“These animals require sea ice,” Laidre said. “They need ice to find food, find mates and reproduce, to rear their young. It’s their platform of life. It is very clear those species are going to feel the effects the hardest.”

Whales may actually benefit from less ice cover, at least initially, as the open water could expand their feeding habitats and increase food supplies.

Approximately 78 percent of the Arctic marine mammal populations included in the study are legally harvested for subsistence across the Arctic.

“There’s no other system in the world where top predators support human communities the ways these species do,” Laidre said.

The study recommends:

Maintaining and improving co-management with local and governmental entities for resources that are important to the culture and well-being of local and indigenous peoples.

Recognizing variable population responses to climate change and incorporating those into management. In the long term, loss of sea ice is expected to be harmful to many Arctic marine mammals, however many populations currently exhibit variable responses.

Improving long-term monitoring while recognizing monitoring for all species will be impossible. Alternatives include collecting valuable data from subsistence harvests, using remote methods to track changes in habitat, and selecting specific subpopulations as indicators.

Studying and mitigating the impacts of increasing human activities including shipping, seismic exploration, fisheries and other resource exploration in Arctic waters.

Recognizing the limits of protected species legislation. A balanced approach with regard to regulating secondary factors, such as subsistence harvest and industrial activity, will be needed, since protected species legislation cannot regulate the driver of habitat loss.

While the report aims to bring attention to the status and future of Arctic mammals, the authors hope to provoke a broader public response.

“We may introduce conservation measures or protected species legislation, but none of those things can really address the primary driver of Arctic climate change and habitat loss for these species,” Laidre said. “The only thing that can do that is the regulation of greenhouse gases.”

The report was funded by the Greenland Institute of Natural Resources and NASA. Co-authors are Harry Stern at the UW; Kit Kovacs, Christian Lydersen and Dag Vongraven at the Norwegian Polar Institute; Lloyd Lowry at the University of Alaska; Sue Moore at the U.S. National Marine Fisheries Service; Eric Regehr at the U.S. Fish and Wildlife Service in Anchorage; Steven Ferguson at Fisheries and Oceans Canada; &Ostroke;ystein Wiig at the University of Oslo; Peter Boyeng and Robyn Angliss at the Alaska Fisheries Science Center; Erik Born and Fernando Ugarte at the Greenland Institute of National Resources; and Lori Quakenbush at the Alaska Department of Fish and Game.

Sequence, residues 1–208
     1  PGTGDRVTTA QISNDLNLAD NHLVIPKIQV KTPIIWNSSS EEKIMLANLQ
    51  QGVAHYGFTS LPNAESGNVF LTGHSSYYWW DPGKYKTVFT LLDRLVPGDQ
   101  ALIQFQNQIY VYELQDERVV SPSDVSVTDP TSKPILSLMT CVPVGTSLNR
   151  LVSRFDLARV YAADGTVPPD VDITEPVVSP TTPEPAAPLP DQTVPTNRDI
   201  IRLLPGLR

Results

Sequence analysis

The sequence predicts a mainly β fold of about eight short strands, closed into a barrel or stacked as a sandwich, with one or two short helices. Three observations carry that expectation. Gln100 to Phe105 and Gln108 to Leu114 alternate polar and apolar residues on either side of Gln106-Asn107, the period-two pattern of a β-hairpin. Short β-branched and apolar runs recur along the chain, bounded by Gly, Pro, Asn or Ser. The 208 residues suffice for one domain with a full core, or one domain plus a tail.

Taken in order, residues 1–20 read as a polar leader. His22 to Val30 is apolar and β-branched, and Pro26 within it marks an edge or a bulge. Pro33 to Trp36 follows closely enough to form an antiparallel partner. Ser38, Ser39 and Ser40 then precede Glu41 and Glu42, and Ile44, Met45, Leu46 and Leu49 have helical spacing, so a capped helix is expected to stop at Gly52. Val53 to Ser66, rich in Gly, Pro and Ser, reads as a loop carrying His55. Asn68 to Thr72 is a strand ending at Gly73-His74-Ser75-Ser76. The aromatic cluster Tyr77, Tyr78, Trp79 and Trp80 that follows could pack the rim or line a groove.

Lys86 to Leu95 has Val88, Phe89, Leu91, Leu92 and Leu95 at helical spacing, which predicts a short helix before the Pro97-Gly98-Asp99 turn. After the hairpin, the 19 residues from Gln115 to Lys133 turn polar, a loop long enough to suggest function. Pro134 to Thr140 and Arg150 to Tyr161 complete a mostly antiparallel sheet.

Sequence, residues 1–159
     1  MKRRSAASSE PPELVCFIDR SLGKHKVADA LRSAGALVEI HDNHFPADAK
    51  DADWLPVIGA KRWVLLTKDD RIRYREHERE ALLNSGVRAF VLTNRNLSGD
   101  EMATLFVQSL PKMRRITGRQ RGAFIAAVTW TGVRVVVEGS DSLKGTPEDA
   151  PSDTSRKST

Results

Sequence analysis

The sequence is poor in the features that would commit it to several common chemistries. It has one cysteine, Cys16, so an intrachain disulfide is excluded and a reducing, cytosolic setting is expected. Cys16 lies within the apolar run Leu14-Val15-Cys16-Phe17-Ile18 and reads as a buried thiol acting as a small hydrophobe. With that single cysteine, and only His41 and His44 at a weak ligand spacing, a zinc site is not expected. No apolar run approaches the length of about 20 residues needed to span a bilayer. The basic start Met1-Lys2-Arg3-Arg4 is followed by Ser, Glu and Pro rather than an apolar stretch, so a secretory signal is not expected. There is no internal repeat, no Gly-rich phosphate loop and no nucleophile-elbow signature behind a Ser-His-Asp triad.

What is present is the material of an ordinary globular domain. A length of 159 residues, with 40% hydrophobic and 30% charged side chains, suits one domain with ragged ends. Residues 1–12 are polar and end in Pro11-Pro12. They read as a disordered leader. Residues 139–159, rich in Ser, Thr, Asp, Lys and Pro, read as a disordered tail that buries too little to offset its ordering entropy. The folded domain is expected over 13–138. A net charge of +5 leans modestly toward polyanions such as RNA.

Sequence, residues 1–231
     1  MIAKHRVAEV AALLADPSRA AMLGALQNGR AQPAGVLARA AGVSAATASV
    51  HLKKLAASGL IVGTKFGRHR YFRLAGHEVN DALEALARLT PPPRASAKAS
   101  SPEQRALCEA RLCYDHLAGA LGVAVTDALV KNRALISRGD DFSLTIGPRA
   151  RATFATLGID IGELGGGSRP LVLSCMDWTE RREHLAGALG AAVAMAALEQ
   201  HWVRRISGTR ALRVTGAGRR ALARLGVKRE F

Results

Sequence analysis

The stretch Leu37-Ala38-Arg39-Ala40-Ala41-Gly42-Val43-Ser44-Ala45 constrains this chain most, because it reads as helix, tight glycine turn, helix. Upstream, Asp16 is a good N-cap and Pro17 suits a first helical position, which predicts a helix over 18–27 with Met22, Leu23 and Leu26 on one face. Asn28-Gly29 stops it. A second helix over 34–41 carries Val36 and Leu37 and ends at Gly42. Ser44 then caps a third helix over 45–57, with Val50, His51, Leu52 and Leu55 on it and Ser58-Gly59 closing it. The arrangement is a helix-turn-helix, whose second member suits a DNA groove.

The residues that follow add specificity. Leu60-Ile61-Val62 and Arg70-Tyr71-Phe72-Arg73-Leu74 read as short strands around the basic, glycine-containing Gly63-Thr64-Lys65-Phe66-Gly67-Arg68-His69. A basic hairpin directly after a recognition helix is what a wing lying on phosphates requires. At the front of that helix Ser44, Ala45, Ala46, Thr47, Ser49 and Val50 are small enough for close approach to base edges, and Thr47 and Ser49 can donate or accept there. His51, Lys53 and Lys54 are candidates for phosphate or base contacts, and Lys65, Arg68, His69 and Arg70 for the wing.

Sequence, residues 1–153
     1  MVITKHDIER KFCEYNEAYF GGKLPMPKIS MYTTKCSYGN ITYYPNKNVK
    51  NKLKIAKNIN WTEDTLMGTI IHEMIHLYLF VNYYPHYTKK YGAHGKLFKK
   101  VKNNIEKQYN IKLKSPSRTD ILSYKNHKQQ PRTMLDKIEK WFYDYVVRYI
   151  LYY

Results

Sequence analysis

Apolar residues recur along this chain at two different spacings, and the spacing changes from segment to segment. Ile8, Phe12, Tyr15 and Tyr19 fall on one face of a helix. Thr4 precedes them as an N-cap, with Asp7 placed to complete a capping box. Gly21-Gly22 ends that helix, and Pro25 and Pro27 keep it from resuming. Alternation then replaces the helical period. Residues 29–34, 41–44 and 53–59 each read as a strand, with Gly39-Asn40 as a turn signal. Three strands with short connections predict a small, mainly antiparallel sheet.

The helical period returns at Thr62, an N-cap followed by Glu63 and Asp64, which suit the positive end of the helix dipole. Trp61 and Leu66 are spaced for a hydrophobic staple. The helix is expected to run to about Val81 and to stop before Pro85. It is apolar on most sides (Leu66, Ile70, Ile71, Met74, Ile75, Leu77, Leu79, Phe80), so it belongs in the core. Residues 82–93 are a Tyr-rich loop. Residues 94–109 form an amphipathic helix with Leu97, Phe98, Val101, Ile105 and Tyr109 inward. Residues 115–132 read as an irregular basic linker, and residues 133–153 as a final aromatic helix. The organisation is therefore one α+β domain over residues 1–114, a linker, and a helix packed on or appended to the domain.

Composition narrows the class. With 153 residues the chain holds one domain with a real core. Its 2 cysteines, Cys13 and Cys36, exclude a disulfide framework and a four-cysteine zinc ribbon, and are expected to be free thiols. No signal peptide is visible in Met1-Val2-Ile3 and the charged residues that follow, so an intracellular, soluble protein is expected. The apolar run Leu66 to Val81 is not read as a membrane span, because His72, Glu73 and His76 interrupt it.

The study builds on a 2013 report by the Conservation of Arctic Flora and Fauna, a multinational group that advises the Arctic Council on biodiversity and conservation issues. Laidre was one of the lead authors for the chapter on marine mammals.

Unique bowhead whale swims near Cornwall

This video is called Bowhead Whale of the Arctic (Nature Documentary).

From ITV in Britain:

Bowhead whale spotted in Cornish waters

A whale never before seen in European waters has been sighted off the Cornish coast.

The Bowhead whale is usually found in the Arctic. The Sea Watch Foundation made this extraordinary discovery after mysterious pictures were sent in showing an animal whose head shape and jaw line didn’t match with descriptions of any of the expected whale species.

The pictures were sent in by Anna Cawthray, taken on a friend’s mobile phone. They showed the 25 ft long whale that she’d encountered off Par Beach on the island of St Martin’s.

Sea Watch’s Sightings Officer, Kathy James, sent the photos to other experts who confirmed the sighting as a bowhead whale. They say its “extraordinary” to see a bowhead in these waters.

Last updated Sat 28 Feb 2015

BBC – Earth – Do whales have graveyards where they prefer to die? Here.